Make it or break it
A new arts center will focus on creativity, and a new rage room will focus on destruction. Plus, Temple's second Mobility Master Plan is around the corner.
MONDAY JANUARY 10, 2022
By DAVID STONE, Our Town Temple
This is going to be a big year for Fourth Street in Downtown Temple. Bird Creek is expanding its burger business, the Hawn Hotel renovation is under way and a parking garage will soon rise from an asphalt-covered lot.
Two more new but very different businesses also will open on 4th, perhaps as early as this spring.
The businesses — The Art Dept. and The Wreck Center — are both owned by Lea and Brent Goates, but other than the owners, they will have very little in common.
“One will be for making things and the other for breaking things,” said Brent, who holds a business administration degree from the University of Mary Hardin-Baylor.
A home for Temple’s creative community
The Art Dept. will be located at 14 S. 4th Street, and Lea hopes the facility will be a gathering spot for Central Texas artists.
“I’m hoping The Art Dept. will foster a sense of community among local artists,” she said. “We want to help grow the arts community in town.”
An art gallery featuring the work of local artists will be featured in the front of the building behind a front wall that will consist mainly of glass.
“The gallery will be out front, then we will have workshops and classrooms,” said Lea, who holds a fine arts degree from UMHB. “Our classes will offer a variety of media — watercolors, clay, drawing. I’d like to include floral design, cake decorating and maybe some sewing classes. We will see what people want to do.”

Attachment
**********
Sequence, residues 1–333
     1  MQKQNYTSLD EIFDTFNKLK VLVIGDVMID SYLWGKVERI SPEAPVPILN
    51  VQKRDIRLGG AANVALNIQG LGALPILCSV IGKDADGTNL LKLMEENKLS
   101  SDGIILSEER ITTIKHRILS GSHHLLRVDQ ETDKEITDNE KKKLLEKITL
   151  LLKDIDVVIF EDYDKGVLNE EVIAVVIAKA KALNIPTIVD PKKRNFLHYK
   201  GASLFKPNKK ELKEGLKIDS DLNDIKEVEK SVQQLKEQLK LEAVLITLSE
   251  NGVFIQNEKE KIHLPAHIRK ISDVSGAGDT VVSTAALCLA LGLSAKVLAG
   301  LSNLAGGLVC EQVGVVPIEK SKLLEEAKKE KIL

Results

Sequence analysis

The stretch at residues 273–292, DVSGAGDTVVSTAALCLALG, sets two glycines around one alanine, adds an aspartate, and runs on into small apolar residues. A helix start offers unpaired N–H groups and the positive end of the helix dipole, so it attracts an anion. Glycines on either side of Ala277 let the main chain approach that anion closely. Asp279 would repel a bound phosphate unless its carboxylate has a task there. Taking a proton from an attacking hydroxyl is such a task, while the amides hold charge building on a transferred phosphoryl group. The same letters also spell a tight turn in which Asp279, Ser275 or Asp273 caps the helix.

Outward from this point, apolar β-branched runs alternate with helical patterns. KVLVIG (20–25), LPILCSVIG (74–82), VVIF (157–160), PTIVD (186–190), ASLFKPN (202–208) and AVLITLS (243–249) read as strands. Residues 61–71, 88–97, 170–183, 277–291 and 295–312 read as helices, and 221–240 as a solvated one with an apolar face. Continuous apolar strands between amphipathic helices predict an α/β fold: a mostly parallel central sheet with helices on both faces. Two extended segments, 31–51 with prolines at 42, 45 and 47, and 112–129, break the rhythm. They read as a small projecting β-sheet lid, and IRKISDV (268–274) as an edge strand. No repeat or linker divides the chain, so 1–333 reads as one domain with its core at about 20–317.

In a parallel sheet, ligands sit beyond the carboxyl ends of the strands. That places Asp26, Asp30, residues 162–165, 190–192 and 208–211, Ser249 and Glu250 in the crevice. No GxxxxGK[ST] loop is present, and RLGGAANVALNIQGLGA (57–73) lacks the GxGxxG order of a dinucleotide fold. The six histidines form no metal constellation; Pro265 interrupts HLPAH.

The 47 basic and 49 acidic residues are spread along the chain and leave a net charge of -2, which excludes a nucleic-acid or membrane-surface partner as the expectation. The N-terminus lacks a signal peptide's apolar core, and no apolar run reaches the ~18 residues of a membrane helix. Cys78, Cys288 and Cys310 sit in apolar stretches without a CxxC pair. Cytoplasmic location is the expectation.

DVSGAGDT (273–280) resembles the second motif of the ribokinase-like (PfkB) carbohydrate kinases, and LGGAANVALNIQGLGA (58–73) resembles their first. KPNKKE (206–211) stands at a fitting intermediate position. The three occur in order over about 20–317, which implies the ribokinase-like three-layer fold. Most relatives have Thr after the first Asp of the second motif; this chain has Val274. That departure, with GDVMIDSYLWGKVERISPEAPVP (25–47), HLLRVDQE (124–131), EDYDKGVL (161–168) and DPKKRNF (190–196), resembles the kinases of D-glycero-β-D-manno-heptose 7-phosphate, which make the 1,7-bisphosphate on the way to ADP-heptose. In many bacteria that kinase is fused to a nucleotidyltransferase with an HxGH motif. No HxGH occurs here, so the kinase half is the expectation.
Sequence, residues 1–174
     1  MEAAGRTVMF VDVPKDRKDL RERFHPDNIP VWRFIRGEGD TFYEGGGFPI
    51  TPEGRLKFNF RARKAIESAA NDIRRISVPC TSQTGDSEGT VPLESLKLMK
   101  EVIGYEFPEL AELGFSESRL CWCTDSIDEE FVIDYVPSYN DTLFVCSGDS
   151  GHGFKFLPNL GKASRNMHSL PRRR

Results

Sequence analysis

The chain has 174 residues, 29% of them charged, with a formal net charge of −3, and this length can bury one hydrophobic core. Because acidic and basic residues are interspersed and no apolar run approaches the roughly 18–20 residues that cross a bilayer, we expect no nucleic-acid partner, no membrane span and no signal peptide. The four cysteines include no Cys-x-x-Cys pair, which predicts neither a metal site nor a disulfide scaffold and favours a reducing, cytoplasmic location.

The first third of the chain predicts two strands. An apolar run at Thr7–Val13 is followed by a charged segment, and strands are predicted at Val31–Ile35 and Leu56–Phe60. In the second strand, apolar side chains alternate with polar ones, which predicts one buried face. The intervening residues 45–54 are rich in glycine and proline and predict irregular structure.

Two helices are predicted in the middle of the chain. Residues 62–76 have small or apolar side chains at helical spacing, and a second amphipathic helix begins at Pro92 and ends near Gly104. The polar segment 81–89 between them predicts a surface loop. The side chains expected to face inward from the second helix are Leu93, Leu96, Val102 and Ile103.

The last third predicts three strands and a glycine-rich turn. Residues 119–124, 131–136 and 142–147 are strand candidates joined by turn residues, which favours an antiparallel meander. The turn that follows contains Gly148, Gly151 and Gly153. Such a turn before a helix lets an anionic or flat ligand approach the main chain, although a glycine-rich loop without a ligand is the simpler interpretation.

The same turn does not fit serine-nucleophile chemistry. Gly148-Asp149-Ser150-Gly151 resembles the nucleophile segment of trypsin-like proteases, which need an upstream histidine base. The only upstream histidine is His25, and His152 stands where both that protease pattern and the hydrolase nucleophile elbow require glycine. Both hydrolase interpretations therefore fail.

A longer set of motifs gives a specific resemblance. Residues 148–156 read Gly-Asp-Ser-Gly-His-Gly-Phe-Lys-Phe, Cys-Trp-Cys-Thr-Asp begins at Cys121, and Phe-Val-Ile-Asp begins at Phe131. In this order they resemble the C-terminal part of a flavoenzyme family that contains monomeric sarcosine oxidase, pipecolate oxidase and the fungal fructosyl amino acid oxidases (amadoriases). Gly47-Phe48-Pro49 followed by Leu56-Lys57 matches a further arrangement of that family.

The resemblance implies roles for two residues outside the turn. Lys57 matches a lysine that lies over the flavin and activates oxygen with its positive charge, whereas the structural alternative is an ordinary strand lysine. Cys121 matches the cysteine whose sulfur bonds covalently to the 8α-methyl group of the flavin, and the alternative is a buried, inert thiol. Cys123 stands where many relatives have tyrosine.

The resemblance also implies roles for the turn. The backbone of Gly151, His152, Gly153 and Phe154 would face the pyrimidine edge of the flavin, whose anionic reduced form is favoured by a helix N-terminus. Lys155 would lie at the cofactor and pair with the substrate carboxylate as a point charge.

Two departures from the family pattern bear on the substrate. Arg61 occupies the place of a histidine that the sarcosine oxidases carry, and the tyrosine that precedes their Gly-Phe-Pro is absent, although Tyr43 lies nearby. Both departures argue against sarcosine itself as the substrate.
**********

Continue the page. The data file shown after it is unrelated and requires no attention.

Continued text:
Lea said The Art Dept. will cater to creative minds of all ages, including children.
“The back half of the 3,300-square-foot building will be studio space where we will have a variety of equipment,” she said. “We’re planning on having a laser cutter, a 3D printer, a pottery wheel and kiln, an etching press and screen printing for shirts and other cloth items.”
“We’ve had requests to include some welding, woodworking and jewelry making as well,” she said.
While details are still being hammered out, the Goates plan on offering membership packages to their customers. The packages likely will include lockers for equipment and storage space for keeping projects at the studio.
“A lot of people just don’t have room to do a big project at home,” Lea said. “Some people live in apartments and are limited with what they can do at home. We have two small children, so it’s hard to keep art supplies out.”
The gallery at The Art Dept. will include a small retail area where local artists can sell what they make in the workshop.
“They can sell their crafts right here, plus the Art Dept. will have an online shop so people can purchase items from their homes,” she said.
Lea said she plans to offer sidewalk space to The Art Dept.’s members to utilize during First Friday and other downtown events.
“They can take their paintings, pottery, whatever they make, to a sidewalk booth,” she said.
Welcome to The Wreck Center
While The Art Dept. will focus on creating beauty, The Wreck Center at 16 S. 4th will feature creative ways to smash and trash.
Instead of the paint brushes and easels found next door, visitors to The Wreck Center will brannish baseball bats, golf clubs, crow bars and sledge hammers for their creative escape.
“The Wreck Center will be the place to come have a good time, let off some steam and break stuff,” Brent said. “There are rage rooms all over the world, and we checked some out. They are fun, and you get to do something that’s normally not acceptable. Plus, someone else cleans up your mess.”
So what do you break in a rage room? Whatever’s there.
“We’ll have ceramics, glassware, small electronics, whatever we can find,” he said. “We will take donations — if you have something left from a garage sale or things you just don’t want, if it’s breakable, we can give it one last use before it heads to the dump.”